the Bunop pencil

Is this agreement real?

No, but it could be. As written, the agreement is unenforceable because:

  • There is no such corporation as Bunop, especially not one chartered in New Jersey on Feb 23, 2000.
  • We (if we existed) would have a hard time proving that you sharpened the Bunop Pencil.
  • We (if we existed) would have a hard time proving that you used the Bunop Pencil to write any particular document.

However, you may have agreed to several similar agreements, without even really reading them. Every time you buy some software, every time you download an update to commercial software you agreed to something before you could install it. This is an EULA, or End-User License Agreement. Few of us even know what we have agreed to. Here are some examples, and they could be enforced against you or your corporation.

It is high time to standardize license agreements. License agreements are a sham: the legal system assumes informed consent to a complex legal document that not one person in 10 has read, and not one in 100 really understands. Building a legal system on fiction like this is bad policy and bad law. If we need license agreements, society can manage with a few standard agreements that we can learn once and use many times.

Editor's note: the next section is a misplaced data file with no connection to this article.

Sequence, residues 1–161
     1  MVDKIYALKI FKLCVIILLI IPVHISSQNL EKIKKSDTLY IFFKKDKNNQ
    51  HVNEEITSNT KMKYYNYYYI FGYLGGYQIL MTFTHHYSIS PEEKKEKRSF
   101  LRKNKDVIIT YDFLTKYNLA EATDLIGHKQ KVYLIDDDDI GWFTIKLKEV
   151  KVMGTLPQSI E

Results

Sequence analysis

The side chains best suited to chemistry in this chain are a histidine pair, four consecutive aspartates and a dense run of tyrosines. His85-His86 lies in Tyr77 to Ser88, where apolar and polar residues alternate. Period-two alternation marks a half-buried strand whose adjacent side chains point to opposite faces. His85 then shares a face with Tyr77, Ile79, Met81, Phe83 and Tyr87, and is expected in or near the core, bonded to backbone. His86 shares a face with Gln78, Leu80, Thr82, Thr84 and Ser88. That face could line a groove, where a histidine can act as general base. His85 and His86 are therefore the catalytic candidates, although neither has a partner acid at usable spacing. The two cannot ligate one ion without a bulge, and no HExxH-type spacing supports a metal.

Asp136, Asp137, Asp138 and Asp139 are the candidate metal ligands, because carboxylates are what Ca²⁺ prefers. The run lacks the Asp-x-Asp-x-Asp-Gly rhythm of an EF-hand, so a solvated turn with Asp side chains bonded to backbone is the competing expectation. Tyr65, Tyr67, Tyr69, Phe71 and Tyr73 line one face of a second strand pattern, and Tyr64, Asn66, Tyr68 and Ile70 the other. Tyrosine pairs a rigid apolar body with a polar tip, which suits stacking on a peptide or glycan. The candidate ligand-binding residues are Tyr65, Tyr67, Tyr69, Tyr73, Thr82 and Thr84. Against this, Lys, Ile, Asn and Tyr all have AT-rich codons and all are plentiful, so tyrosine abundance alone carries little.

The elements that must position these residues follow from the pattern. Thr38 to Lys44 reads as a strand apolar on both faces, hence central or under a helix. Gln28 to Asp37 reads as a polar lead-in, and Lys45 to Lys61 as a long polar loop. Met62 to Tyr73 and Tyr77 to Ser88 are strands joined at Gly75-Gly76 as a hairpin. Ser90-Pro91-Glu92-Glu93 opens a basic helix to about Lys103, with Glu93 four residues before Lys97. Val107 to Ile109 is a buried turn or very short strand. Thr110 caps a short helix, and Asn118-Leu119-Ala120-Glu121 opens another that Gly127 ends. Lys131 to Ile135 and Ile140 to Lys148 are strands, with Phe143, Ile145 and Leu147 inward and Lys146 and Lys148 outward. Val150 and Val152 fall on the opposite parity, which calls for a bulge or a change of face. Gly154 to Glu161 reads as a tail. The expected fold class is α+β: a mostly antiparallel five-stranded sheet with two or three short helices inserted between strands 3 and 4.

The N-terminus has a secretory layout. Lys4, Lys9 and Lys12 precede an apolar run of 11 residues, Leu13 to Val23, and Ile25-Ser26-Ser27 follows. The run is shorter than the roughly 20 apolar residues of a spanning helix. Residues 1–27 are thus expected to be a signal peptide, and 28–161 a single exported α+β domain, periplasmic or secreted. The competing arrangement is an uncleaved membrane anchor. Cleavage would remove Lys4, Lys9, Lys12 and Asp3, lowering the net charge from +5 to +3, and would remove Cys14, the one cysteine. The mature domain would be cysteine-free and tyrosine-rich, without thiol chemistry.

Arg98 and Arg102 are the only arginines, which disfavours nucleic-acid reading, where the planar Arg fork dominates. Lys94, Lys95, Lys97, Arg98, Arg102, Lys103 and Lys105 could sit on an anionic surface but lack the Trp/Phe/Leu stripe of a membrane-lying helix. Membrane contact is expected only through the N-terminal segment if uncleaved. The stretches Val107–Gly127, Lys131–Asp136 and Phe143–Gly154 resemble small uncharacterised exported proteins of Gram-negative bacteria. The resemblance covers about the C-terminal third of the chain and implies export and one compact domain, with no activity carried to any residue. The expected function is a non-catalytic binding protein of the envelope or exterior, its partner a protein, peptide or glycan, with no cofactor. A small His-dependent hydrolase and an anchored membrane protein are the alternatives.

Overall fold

The GNU public license and the Creative Commons licenses are worth noting, but the world also needs one or two standard licenses for proprietary software. We recommend you look at the Electronic Frontier Foundation for a look at how such a license might affect your civil rights.

We also recommend a look at the proposed UCITA legislation. UCITA would enforce contracts such as Bunop's.